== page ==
1) Any advice on how to confirm 100% that oil is not leaking from anywhere else in the timing case? As far as we can tell it's all coming from behind the driver side cam seals but we are certainly not mechanics. Any tips on how to isolate the problem further would be appreciated.

2) If we do get the seals fixed and it stops leaking oil, I still have to make the return trip and fear that this may happen again. I'm going to get the fix for the pcv valve recall applied when I get to the dealership but until then some people have mentioned bypassing the pcv valve and venting to the atmosphere for the drive back. I'm wondering which components we should leave disconnected to achieve this correctly? Also, are there any concerns that I should have with running this disconnected for such a long run?

The parts should be here any day now so I'll use this thread if I have any issues while trying to change out the seals or if I have any more questions. Thanks in advance for the help
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Old 01-01-2013, 01:28 PM   #2
scby rex
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If you can Id order a crawford aos ver2 if the pcv is the problem. If oil is blowing out someplace else then its going to suck to find it with your situation.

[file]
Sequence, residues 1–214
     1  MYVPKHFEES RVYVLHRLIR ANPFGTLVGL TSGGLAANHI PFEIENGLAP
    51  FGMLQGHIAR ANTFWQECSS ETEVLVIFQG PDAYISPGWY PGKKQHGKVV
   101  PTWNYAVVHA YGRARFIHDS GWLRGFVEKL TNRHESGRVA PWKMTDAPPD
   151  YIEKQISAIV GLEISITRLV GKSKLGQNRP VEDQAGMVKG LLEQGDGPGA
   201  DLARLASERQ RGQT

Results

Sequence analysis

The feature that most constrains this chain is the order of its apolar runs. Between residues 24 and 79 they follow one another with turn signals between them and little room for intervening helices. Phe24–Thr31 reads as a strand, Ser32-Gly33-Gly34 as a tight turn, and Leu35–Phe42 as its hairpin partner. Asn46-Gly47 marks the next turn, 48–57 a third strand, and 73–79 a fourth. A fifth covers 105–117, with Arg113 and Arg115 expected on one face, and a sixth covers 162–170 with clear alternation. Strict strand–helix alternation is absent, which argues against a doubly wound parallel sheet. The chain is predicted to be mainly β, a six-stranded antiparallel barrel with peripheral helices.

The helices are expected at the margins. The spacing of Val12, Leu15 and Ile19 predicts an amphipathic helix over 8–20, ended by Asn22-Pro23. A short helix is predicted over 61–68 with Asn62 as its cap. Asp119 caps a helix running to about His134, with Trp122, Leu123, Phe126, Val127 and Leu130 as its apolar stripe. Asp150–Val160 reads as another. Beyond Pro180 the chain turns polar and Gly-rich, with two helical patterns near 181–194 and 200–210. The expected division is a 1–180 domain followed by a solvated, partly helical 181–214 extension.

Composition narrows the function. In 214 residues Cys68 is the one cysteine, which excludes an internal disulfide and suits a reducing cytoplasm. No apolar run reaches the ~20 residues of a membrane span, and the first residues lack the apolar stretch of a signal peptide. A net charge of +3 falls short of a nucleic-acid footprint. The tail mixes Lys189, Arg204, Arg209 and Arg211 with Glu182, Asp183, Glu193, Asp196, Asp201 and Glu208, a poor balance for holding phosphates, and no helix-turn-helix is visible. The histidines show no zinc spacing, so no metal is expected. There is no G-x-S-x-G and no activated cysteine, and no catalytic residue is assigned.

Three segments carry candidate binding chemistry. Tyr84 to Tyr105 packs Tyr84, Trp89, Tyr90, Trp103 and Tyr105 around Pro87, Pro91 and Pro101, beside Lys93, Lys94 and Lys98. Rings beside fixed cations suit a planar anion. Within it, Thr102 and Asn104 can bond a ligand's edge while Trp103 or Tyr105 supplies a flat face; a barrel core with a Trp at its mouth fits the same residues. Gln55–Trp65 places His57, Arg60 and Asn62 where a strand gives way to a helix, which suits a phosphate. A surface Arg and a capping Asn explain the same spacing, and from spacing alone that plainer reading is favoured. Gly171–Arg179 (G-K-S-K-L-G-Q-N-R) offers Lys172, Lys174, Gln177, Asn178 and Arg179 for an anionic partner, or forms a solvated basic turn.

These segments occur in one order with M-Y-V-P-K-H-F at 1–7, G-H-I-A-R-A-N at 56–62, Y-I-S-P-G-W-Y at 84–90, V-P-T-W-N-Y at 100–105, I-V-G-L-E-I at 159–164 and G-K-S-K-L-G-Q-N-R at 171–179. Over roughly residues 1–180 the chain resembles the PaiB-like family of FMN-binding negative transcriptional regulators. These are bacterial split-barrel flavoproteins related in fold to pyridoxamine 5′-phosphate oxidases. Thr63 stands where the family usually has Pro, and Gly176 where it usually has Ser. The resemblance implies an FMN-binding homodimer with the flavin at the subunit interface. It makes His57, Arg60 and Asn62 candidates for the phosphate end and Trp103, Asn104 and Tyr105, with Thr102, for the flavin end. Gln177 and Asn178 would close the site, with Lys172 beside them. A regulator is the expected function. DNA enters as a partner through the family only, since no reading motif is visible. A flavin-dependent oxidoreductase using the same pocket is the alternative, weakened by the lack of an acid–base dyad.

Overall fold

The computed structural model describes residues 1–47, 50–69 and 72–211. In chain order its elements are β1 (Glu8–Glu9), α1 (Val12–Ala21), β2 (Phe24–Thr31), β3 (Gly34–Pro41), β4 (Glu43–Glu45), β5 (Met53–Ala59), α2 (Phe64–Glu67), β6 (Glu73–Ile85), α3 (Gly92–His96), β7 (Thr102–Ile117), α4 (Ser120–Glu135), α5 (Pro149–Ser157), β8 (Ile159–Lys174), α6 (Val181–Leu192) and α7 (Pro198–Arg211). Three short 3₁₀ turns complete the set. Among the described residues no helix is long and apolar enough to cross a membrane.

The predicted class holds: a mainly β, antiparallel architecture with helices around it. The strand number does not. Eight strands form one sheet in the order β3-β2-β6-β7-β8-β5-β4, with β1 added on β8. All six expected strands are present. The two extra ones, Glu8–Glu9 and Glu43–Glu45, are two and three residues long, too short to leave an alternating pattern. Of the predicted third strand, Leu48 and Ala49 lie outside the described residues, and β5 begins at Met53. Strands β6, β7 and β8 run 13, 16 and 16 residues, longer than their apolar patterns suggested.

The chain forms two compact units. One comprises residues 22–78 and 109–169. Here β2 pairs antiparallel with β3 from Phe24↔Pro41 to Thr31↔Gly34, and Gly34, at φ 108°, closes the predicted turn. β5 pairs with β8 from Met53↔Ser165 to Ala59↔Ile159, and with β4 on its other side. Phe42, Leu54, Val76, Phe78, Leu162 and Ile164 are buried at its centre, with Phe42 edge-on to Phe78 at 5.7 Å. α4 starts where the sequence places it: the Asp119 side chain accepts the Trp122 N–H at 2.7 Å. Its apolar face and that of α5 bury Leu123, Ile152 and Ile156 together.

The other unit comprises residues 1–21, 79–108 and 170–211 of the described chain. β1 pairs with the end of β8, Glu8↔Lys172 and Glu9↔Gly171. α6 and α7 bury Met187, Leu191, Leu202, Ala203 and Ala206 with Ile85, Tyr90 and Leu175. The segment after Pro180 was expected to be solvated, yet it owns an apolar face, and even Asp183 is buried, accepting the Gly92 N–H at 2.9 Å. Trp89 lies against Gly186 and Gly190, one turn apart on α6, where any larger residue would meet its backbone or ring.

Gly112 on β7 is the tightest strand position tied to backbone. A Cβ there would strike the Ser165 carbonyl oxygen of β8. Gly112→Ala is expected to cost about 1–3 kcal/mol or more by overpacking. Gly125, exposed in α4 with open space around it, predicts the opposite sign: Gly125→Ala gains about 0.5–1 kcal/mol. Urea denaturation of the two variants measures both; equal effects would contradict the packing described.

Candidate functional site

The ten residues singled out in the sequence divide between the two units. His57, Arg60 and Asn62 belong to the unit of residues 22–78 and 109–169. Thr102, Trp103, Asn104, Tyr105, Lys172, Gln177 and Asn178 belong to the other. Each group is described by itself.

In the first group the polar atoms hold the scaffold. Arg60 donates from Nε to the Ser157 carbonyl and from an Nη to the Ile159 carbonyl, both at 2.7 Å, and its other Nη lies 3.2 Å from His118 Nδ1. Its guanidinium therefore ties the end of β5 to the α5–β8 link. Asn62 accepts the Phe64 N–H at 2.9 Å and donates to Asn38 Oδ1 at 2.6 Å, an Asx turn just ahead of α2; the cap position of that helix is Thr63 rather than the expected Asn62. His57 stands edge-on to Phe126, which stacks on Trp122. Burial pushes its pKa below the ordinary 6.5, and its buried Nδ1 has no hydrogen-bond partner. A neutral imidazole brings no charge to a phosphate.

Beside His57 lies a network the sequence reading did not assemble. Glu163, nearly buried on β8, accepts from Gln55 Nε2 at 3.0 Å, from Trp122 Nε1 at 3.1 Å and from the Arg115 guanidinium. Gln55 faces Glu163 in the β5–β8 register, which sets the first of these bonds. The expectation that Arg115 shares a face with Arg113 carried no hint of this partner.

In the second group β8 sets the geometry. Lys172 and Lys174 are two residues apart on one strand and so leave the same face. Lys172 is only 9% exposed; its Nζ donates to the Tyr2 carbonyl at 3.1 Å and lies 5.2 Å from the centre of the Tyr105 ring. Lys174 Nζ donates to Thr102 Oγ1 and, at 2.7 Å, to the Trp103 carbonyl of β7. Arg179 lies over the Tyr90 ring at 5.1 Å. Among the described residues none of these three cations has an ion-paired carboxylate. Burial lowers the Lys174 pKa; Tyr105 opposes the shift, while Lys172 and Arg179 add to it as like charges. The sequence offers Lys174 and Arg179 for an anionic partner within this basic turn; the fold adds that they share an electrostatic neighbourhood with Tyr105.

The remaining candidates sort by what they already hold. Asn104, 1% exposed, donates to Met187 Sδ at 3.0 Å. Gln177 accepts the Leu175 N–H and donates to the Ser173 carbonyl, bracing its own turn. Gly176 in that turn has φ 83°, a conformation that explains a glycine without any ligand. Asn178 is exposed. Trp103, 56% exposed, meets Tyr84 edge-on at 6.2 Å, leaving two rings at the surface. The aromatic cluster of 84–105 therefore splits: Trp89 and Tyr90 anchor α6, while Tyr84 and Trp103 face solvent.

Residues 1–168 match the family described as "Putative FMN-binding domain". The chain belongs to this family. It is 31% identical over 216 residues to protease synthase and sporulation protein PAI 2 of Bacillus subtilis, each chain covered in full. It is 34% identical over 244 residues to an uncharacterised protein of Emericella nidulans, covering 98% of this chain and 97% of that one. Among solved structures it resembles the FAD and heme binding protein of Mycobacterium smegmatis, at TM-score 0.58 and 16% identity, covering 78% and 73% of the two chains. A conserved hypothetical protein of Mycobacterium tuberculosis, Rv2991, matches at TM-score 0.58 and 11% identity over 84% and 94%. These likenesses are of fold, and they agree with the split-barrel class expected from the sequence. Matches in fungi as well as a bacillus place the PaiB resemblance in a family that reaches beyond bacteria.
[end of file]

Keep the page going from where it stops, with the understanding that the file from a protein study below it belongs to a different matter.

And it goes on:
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Old 01-01-2013, 04:24 PM   #3
Leafy
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If you can Id order a crawford aos ver2 if the pcv is the problem. If oil is blowing out someplace else then its going to suck to find it with your situation.
No.

His issue is that his crank case venting system go so blocked up that he build extremely high crank case pressure, enough to blow the camshaft seals.

To get home I would cap where the PCV hose goes to the intake manifold and run all the hoses the crank vent on the turbo inlet and remove the pcv valve or gut it if it bolts to the block (I forget how its setup). Alternatively You can run the hoses connected to the PCV to a long hose that hangs down below the under tray, the air rushing past the hose will create the vacuum you need when the car is in motion.
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Old 01-02-2013, 05:53 AM   #4
oguitar